The Beginning of Something Special

Hello to everyone out there on The Trek. I’m Zach, longtime follower, first-time blogger here. In 2007 Andrew Skurka completed the 6,875 Mile Great Western Loop, and with respect to that massive accomplishment that changed Backpacking forever, I’m here to present to you the Great Southeastern Loop.

The Great Southeastern Loop is an idea I’ve had for a few years now, and it combines eight long-distance trails in the Southeastern United States.

The trail will cover 1,300 miles, five states, all five state high points/peaks, 13 state parks, six national forests, three national [ark service units (Great Smoky Mountains National Park, Blue Ridge Parkway, and the Appalachian Trail), and one heck of an adventure!!

This trail will also hit the most iconic places in the Southeast, including; Looking Glass Rock, the Shining Rock Wilderness, Mt Pisgah, Craggy Gardens, Mt Mitchell, Linville Gorge, Stone Mountain State Park, Grayson Highlands and Mt Rodgers, Roan Mountain, Hot Springs, NC, Max Patch, Mt Sterling, Charlie’s Bunion, the Jumpoff, Mt LeConte, Clingmans Dome, Andrews Bald, Springer Mountain, Blood Mountain, Brasstown Bald, Wayah Bald, Cheoah Bald, Whitewater Falls, Sassafras Mountain, and Table Rock State Park.

With a lineup like that, it makes this trail hard to beat.

I’m a Californian who grew up in the PCT trail town of Lake Arrowhead and always had the idea of hiking home from Campo to Deep Creek. It never worked out, so when I moved to Greenville, SC and realized that the AT connects to the Bartram Trail, which connects to the Chattooga River Trail, which connects to the Foothills Trail that ends at Table Rock State Park here in South Carolina, 30 miles from home, I knew I had a new challenge to fulfill.

The idea got started and after 2 years of research and planning, I have the opportunity to fulfill that goal of hiking home. The plot twist is, I’m not going to do the 337 miles from Springer Mtn to Table Rock State Park, or even the 312 miles from Davenport Gap shelter at the northern end of the Great Smoky Mountains National Park to Home, I’m going to do a 1,300 mile loop across the Greatest parts of the Southeast.

The Great Southeastern Loop is born. 

Map, Great Southeastern Loop

The Southeast is blessed with the Appalachian Trail, the Benton Mackaye Trail, the Blue Ridge Parkway and the Great Smoky Mountains National Park. But, we are also lucky to have so many other long-distance trails in the region.

My hike will combine the Foothills Trail, the Palmetto Trail, the Art Loeb Trail, the Mountains to Sea Trail, the Appalachian Trail, the Benton Mackaye Trail, the Bartram Trail, and the Chattooga River Trail to create one ultimate loop. With the help of just 55 miles of road walks, this 1300 mile loop is attainable with the right recipe of blood, sweat, heart, and tears. My goal is to complete it.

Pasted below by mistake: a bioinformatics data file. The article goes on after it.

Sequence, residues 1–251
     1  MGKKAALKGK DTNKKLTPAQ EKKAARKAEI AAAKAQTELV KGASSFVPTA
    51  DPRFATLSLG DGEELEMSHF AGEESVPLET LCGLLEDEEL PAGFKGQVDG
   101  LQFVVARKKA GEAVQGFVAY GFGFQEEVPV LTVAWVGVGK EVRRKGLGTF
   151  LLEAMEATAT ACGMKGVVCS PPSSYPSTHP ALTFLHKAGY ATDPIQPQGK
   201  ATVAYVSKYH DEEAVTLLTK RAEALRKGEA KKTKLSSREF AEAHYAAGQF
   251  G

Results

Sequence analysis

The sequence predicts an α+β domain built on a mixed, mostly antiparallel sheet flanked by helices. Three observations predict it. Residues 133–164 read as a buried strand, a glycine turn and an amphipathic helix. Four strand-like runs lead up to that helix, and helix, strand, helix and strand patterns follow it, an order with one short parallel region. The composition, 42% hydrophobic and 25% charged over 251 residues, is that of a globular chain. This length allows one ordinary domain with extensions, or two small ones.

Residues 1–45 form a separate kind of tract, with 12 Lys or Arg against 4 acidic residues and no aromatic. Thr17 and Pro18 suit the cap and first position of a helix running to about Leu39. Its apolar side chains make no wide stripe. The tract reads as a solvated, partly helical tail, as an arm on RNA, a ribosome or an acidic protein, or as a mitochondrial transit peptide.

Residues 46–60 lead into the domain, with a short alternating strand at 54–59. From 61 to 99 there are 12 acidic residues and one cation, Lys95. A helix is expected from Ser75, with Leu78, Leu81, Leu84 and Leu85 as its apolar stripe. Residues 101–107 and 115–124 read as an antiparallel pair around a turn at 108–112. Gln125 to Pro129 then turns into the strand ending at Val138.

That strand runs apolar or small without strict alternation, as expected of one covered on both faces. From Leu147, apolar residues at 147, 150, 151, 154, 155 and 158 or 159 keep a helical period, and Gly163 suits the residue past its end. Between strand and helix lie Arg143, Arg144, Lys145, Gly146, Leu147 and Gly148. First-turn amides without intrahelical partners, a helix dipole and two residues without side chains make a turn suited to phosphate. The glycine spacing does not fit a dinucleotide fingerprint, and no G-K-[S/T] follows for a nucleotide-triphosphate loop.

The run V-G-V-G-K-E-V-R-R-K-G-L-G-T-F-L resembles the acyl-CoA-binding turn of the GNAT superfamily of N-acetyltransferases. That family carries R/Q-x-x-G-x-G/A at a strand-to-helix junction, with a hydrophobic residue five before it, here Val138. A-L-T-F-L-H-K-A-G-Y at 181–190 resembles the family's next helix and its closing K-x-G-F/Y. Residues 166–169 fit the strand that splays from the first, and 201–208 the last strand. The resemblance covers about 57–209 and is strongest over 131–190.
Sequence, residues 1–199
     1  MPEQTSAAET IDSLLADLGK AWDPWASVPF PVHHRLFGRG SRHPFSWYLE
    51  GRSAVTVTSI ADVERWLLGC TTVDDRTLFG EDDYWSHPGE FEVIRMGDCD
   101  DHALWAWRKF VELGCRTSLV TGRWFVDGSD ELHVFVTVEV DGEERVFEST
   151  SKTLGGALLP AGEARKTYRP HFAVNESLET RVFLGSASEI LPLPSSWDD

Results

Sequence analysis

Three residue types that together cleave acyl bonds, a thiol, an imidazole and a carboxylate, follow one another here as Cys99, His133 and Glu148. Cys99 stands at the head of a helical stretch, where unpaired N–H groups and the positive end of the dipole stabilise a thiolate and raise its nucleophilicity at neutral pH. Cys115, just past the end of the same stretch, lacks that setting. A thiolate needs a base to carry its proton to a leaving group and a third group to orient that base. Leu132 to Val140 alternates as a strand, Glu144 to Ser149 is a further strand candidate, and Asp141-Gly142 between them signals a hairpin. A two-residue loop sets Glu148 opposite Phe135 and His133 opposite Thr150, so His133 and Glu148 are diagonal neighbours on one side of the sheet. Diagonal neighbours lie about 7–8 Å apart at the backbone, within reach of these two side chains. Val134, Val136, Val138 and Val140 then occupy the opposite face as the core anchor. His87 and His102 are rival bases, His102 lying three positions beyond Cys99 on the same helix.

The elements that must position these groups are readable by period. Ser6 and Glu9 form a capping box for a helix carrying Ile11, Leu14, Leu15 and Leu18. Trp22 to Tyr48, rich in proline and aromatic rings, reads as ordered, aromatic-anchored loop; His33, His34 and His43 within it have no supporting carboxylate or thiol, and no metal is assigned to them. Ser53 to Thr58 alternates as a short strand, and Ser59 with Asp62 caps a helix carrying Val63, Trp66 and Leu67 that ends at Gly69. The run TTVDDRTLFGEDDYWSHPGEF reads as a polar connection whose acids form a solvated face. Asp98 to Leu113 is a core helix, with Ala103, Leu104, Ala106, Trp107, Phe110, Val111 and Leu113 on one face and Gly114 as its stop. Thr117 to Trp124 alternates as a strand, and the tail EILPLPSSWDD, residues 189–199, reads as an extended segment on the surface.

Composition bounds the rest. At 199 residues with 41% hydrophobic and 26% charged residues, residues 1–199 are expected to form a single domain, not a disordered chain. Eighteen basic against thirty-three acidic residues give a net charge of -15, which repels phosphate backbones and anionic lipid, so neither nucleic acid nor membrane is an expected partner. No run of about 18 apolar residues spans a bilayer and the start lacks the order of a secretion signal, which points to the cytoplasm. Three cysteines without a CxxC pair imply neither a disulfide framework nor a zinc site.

Why do this trail? 

This trail will combine the absolute best of the Southeast in one Loop. This is the best way to see everything the Southeastern region has to offer, while staying close to home. This trail is a section hiker’s dream because from where I am at in Greenville, SC, I’m no further than a three-hour drive from nearly every part of the trail. I’m sure there are millions of people in the region who can also start anywhere along this trail and complete this same experience!

The Foothills Trail

The fun gets started soon! I plan to hike the Foothills Trail this week to spend five days warming up and enjoying spring come alive out here in South Carolina and North Carolina. I want to knock this section out now, rather than mid-July during the heat of the summer.

From there, I will take the month of May to finish preparations, and then will make a solid push to complete the Great Southeastern Loop Trail in one swoop.

For now, I will take you on the adventure that is the Foothills Trail in South Carolina and North Carolina.

I haven’t been out since January 2nd, when I hiked the Rainbow Falls Trail up to Mt. LeConte, spent two nights at the shelter there in the Great Smoky Mountains National Park, and caught one epic snowstorm! It’s time to get those Trail Legs going again!

Mount LeConte Snow

See you on the trail! 

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Comments 4

  • Ruth Morley : Apr 10th

    Wonderful idea, and very creative on your part! I look forward to following your adventure.

    • Zach : Apr 15th

      Thanks Ruth! It’s been a work in progress and I am happy for the opportunity to share the adventure with you and all the readers out there on TheTrek!

      I love this opportunity to share my trail with everyone here!

  • John Wilson : Apr 10th

    This “loop” is hard to imagine without a provided map to illustrate it. Perhaps you have a website that details your route? If not, could you provide a map in a subsequent post, please.

    • Zach : Apr 15th

      Hey John,

      It definitely is a tough Trail to imagine! I updated my post to include a map of the trail I intend to conquer!

      It’s been a snowball effect over the past two years from realizing so many trails here in the Southeast connect seamlessly, to actually putting a Route together and realizing that this endeavor is possible.


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